The two steel arms connect from a modified hitch ball to the trailer tongue via brackets or chains. The spring bars help provide an upward force to counter the weight of the trailer tongue. When the towing vehicle turns, the connections help keep the central area of the tow hitch centered, so there is not as much fluidity with the trailer’s movement.

A weight-distributing hitch like this unit from Camco EAZ Lift on Amazon has built-in sway control that helps keep the trailer centered behind the tow vehicle. This scenario is essential when towing something on a highway or along the Interstate, where wind from oncoming traffic or open areas can push against the side of a camper or large boat. The weight-distributing hitch doesn’t prevent the wind from blowing, but it does provide more support to resist those forces when they happen.

Sway Bars

A sway control bar is a thick stabilizing beam that you attach from your trailer’s ball hitch to the tongue of the trailer. The primary purpose is to create an additional connection point to prevent a bumper pull trailer from moving back and forth while towing. Most anti-sway bars use friction to resist the pivot of the trailer’s coupler on the hitch ball.  The friction bars gain steering control when the bump-pull trailer moves sideways.

(Consider the connection between your trailer’s coupler and hitch ball as one big pivot point. To tow, the trailer ball and coupler are locked together, and this is great for pulling in a straight line with no other force than the tow vehicle affecting the trailer. The coupler and ball need to pivot to go around curves. That pivot point makes the trailer to be susceptible to other forces.)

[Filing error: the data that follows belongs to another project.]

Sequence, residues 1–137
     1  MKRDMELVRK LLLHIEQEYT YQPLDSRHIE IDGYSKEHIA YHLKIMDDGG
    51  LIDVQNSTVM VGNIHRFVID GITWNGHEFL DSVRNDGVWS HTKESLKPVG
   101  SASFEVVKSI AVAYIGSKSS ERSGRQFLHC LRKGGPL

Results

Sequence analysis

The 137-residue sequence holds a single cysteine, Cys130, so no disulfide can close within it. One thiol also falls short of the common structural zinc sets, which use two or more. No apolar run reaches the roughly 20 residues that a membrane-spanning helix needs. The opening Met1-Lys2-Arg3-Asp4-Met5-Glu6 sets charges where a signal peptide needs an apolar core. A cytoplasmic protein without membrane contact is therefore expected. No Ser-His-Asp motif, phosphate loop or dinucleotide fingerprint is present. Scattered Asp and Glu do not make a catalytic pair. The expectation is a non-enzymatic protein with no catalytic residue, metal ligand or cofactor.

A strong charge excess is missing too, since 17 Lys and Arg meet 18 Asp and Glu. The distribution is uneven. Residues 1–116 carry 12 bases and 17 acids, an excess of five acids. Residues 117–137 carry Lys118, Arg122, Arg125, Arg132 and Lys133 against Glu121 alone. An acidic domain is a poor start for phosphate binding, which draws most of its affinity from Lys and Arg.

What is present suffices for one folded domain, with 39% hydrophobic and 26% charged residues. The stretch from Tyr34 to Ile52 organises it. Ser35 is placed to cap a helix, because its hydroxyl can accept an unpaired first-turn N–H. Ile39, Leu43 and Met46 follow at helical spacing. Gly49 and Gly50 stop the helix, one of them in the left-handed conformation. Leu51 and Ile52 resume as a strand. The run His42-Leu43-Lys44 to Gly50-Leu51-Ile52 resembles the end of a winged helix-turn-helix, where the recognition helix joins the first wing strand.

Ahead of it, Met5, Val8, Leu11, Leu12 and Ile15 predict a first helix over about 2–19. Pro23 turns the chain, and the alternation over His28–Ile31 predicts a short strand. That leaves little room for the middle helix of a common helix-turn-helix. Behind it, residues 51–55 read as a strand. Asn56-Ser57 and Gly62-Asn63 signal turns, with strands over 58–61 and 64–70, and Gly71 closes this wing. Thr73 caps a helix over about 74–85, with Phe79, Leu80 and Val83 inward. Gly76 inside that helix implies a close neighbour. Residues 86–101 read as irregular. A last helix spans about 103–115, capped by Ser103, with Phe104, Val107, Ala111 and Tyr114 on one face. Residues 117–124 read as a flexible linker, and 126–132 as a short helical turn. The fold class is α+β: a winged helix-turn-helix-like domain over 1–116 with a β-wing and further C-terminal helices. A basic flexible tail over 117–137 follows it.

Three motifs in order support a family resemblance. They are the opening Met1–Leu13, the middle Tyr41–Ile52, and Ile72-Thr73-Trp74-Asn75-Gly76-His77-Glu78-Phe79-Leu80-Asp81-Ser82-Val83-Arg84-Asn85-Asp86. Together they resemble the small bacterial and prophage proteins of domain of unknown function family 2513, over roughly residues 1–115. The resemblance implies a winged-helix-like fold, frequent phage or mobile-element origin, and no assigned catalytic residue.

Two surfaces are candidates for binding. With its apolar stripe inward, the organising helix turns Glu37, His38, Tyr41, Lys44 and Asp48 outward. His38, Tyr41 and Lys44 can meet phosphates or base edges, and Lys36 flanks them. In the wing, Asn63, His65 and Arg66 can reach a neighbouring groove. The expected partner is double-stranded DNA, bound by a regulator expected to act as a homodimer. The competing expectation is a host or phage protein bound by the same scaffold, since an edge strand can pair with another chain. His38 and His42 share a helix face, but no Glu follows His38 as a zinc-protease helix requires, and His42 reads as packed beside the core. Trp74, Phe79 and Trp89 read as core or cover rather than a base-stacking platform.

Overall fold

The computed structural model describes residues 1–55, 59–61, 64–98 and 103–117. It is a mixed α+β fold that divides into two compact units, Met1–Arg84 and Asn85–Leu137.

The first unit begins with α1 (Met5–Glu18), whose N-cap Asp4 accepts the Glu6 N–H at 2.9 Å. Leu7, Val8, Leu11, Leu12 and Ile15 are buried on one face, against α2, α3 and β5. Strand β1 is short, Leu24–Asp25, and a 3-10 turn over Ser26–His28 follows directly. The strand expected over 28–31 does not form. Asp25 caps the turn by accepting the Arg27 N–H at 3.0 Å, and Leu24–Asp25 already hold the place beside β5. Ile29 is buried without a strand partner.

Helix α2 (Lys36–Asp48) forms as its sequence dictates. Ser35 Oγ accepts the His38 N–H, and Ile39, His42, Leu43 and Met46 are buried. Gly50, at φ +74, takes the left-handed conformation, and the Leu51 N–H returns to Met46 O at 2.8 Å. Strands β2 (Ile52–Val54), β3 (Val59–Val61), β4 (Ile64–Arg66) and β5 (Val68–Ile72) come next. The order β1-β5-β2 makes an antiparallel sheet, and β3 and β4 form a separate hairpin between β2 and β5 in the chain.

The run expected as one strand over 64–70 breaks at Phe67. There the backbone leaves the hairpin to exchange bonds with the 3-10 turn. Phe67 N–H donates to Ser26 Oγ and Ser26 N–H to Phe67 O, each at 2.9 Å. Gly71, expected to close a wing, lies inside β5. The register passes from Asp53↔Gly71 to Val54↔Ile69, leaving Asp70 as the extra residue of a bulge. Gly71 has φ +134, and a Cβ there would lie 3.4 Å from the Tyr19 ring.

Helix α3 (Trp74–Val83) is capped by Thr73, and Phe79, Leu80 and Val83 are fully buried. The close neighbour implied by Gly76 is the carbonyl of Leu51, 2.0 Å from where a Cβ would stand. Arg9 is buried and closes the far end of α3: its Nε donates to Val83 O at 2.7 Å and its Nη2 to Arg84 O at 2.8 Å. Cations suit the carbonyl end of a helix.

An unevenly loaded trailer, a gust of wind, or a semi-truck can create a sideways draft as it passes and push a trailer sideways. If the lateral forces are too great, the trailer is pushed in a direction that the tow vehicle never intended, and if it is severe enough, it can create a rollover of both the trailer and the tow vehicle).

A sway bar like the one from Curt Mfg on Amazon simply makes it harder for the outside forces affecting a trailer as you tow to get the upper hand. While installing a sway bar can help reduce some trailer sway (roll-over), it will not prevent trailer sway from happening. The primary purpose of a sway bar is not to help with weight distribution but to counter trailer sway.

When Do I Need A Sway Bar?

According to etrailer.com, RV owners pulling trailers under 24’ and weighing less than 5 - 6,000 lbs can use only one stabilizer bar. However, it should be noted that while friction bar sway control systems may be great for small trailers, flatbeds, or simple campers, anything larger or heavier needs two sway bars.